This excellent New Yorker article examines the phenomenon of measuring carbon emissions. The author, Michael Spector, mentions the study on the carbon footprint of wine that I wrote with Pablo Paster. And we were THIS close to a mention! Roll the tape:
Last year, a study of the carbon cost of the global wine trade found that it is actually more “green” for New Yorkers to drink wine from Bordeaux, which is shipped by sea, than wine from California, sent by truck. That is largely because shipping wine is mostly shipping glass. The study found that “the efficiencies of shipping drive a ‘green line’ all the way to Columbus, Ohio, the point where a wine from Bordeaux and Napa has the same carbon intensity.”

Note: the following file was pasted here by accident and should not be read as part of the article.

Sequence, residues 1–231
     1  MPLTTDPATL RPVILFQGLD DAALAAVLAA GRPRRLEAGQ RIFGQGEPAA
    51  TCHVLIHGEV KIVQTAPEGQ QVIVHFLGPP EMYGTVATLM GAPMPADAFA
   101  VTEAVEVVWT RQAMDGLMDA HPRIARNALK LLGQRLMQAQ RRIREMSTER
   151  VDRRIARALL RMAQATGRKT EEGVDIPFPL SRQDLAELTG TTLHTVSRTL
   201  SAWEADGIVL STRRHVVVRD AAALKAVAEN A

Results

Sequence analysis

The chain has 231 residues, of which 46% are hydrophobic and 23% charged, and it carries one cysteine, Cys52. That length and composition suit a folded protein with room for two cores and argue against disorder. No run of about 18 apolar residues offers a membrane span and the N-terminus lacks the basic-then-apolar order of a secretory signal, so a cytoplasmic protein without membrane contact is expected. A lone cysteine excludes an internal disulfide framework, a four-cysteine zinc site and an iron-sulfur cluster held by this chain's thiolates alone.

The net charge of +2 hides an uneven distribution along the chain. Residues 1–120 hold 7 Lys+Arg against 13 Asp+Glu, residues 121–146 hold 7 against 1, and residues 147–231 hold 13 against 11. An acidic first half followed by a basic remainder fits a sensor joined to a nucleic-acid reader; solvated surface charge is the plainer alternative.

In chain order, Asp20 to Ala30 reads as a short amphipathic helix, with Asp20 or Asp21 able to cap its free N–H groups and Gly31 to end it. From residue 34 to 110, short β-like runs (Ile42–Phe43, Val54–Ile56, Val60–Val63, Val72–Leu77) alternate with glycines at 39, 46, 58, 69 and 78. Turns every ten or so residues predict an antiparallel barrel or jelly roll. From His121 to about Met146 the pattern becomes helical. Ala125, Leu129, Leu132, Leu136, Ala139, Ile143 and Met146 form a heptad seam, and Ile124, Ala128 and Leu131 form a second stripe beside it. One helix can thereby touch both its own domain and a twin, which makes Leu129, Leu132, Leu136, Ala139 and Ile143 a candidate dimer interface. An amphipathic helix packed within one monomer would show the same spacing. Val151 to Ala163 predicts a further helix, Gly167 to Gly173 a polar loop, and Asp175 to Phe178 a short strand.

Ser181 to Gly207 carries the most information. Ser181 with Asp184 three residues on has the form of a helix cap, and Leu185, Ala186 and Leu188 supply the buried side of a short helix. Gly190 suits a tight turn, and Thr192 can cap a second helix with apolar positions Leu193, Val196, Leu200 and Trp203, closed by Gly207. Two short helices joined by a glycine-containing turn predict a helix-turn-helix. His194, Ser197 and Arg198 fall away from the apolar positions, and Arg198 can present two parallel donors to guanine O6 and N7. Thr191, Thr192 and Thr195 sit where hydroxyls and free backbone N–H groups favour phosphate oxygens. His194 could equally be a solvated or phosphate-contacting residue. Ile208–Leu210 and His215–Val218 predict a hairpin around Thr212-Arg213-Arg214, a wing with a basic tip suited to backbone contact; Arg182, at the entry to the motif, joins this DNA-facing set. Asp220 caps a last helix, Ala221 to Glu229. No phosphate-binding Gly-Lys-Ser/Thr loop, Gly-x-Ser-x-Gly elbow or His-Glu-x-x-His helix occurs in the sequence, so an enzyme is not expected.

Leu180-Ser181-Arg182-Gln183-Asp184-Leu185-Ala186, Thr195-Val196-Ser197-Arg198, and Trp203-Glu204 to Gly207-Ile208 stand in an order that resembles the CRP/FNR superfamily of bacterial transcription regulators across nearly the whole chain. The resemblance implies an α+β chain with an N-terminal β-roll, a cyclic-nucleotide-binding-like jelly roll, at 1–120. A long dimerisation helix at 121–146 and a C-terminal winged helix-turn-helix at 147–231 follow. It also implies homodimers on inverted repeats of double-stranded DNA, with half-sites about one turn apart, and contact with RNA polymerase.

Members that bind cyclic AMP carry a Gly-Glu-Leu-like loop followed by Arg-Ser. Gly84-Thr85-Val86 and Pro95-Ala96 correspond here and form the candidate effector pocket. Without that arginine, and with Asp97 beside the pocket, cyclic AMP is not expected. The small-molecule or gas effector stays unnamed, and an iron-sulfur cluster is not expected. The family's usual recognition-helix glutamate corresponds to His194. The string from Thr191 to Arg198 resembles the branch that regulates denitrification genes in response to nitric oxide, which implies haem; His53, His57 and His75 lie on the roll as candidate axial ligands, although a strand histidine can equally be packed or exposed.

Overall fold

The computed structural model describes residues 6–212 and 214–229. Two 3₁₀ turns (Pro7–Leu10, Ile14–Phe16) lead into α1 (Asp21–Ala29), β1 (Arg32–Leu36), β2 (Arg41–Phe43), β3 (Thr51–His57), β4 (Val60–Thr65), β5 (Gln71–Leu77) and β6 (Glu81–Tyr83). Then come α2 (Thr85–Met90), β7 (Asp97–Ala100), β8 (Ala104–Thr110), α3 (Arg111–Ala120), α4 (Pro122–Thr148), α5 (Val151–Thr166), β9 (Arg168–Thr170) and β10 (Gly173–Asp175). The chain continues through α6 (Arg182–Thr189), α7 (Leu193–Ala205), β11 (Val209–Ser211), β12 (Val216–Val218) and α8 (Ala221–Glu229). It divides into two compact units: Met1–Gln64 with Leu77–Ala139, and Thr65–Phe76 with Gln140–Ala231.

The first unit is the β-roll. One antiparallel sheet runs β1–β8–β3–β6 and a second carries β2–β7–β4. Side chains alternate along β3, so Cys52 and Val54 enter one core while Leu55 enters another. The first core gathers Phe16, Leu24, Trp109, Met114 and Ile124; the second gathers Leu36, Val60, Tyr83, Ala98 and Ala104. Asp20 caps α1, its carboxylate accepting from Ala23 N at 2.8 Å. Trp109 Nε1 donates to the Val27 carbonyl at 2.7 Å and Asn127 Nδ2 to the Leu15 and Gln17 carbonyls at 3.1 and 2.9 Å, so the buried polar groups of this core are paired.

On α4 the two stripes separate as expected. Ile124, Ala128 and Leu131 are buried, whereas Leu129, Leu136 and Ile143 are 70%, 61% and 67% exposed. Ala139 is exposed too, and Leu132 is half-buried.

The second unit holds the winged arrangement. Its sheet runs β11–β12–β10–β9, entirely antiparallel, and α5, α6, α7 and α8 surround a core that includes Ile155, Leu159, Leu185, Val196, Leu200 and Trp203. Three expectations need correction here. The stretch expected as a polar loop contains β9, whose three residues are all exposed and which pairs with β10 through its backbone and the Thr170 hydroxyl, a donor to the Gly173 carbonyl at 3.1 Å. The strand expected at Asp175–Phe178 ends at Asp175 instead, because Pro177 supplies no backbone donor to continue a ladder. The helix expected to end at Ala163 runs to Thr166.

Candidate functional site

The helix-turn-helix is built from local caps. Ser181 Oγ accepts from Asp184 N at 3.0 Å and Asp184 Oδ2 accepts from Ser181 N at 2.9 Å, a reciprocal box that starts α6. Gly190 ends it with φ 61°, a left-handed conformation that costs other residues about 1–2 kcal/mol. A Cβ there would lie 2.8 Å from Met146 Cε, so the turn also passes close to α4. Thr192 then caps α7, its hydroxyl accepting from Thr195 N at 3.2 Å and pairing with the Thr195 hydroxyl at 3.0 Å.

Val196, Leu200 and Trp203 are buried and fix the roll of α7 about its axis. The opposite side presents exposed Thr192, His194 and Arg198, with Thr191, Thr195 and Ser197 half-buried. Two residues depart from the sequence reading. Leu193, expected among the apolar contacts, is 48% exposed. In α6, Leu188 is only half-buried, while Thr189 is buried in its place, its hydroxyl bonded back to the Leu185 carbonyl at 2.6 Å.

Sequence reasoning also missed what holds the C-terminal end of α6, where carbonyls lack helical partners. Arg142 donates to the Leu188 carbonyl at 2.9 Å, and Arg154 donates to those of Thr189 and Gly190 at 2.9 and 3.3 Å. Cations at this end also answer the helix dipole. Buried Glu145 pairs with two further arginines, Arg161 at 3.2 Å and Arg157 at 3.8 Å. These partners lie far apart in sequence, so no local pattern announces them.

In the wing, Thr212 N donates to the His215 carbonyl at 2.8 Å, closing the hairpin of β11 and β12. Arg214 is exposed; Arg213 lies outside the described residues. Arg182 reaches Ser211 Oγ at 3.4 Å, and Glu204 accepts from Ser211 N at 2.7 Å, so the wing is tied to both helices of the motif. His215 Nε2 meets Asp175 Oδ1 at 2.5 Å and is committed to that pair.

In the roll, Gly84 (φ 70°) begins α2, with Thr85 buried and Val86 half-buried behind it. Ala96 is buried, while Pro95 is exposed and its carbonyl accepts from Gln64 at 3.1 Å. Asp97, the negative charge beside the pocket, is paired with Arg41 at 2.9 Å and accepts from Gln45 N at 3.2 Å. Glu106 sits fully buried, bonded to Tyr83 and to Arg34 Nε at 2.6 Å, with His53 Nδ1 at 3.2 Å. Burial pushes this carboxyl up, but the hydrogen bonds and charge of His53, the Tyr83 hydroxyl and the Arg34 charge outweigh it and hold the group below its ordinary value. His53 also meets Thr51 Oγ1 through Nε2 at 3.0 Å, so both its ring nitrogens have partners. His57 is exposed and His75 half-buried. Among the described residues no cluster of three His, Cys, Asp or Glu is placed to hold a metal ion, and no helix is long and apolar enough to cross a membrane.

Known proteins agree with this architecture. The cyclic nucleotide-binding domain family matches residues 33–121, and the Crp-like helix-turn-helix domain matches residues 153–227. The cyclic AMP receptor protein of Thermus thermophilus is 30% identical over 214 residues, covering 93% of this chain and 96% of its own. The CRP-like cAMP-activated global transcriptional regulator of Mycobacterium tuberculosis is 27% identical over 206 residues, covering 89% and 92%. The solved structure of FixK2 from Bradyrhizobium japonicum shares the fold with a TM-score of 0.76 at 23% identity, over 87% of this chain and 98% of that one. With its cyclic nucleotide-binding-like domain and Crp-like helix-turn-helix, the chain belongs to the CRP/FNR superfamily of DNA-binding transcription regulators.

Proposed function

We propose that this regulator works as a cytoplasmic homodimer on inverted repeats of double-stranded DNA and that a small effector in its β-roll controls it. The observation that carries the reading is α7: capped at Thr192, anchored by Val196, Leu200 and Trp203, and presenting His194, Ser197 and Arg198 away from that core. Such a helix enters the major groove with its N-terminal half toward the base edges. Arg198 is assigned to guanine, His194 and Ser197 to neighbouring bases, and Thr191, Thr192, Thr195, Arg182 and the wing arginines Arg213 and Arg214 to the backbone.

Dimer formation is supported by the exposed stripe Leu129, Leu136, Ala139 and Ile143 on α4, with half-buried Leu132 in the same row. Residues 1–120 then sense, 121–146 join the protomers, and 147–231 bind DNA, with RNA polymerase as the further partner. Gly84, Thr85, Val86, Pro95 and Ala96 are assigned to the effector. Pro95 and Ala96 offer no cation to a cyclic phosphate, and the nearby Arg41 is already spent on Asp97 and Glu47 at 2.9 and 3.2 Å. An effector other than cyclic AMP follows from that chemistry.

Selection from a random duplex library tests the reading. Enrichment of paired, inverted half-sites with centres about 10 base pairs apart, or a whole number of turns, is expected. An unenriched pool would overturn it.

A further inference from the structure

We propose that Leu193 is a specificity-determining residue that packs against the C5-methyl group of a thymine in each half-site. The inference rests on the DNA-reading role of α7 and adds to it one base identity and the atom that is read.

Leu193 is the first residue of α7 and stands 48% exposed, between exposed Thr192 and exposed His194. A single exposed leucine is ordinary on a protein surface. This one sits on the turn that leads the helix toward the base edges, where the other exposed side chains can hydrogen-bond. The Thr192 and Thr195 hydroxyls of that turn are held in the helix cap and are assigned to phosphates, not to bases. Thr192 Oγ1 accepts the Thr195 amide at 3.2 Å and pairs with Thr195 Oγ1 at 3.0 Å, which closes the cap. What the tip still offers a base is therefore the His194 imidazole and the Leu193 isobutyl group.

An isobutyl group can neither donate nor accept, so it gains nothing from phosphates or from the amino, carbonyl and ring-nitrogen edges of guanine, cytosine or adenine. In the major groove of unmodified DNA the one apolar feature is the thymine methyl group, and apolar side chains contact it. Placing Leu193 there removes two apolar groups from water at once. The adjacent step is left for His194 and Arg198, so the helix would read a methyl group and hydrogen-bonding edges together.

It’s good the research is getting out there! The WSJ blog Environmental Capital also mentioned it here and the New York based authors were delighted to raise a glass of Bordeaux to the finding. Foreign Policy also mentioned it in passing this time around but actually did mention it before.
Anyway, if this has made you thirsty for more on the topic, check out a summary of our research findings, my op-ed in the NYT suggesting a local drink, and be sure to come to the March 18 free talk and tasting benefiting The Nature Conservancy! Hope to see you there!